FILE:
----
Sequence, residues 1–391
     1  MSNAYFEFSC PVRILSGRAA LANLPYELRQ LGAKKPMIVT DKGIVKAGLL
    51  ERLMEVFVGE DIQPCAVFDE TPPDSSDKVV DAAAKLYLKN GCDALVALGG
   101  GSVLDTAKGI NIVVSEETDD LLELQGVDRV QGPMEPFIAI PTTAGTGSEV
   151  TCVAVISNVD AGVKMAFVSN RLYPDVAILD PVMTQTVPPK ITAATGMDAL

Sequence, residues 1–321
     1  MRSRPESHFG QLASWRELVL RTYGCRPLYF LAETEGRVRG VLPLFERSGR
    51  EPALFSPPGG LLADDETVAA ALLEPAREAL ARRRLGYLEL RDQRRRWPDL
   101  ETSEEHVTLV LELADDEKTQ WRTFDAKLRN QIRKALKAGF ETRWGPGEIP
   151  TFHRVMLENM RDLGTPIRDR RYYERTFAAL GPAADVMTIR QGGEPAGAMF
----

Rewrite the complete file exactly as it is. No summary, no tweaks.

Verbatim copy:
Sequence, residues 1–391
     1  MSNAYFEFSC PVRILSGRAA LANLPYELRQ LGAKKPMIVT DKGIVKAGLL
    51  ERLMEVFVGE DIQPCAVFDE TPPDSSDKVV DAAAKLYLKN GCDALVALGG
   101  GSVLDTAKGI NIVVSEETDD LLELQGVDRV QGPMEPFIAI PTTAGTGSEV
   151  TCVAVISNVD AGVKMAFVSN RLYPDVAILD PVMTQTVPPK ITAATGMDAL

Sequence, residues 1–321
     1  MRSRPESHFG QLASWRELVL RTYGCRPLYF LAETEGRVRG VLPLFERSGR
    51  EPALFSPPGG LLADDETVAA ALLEPAREAL ARRRLGYLEL RDQRRRWPDL
   101  ETSEEHVTLV LELADDEKTQ WRTFDAKLRN QIRKALKAGF ETRWGPGEIP
   151  TFHRVMLENM RDLGTPIRDR RYYERTFAAL GPAADVMTIR QGGEPAGAMF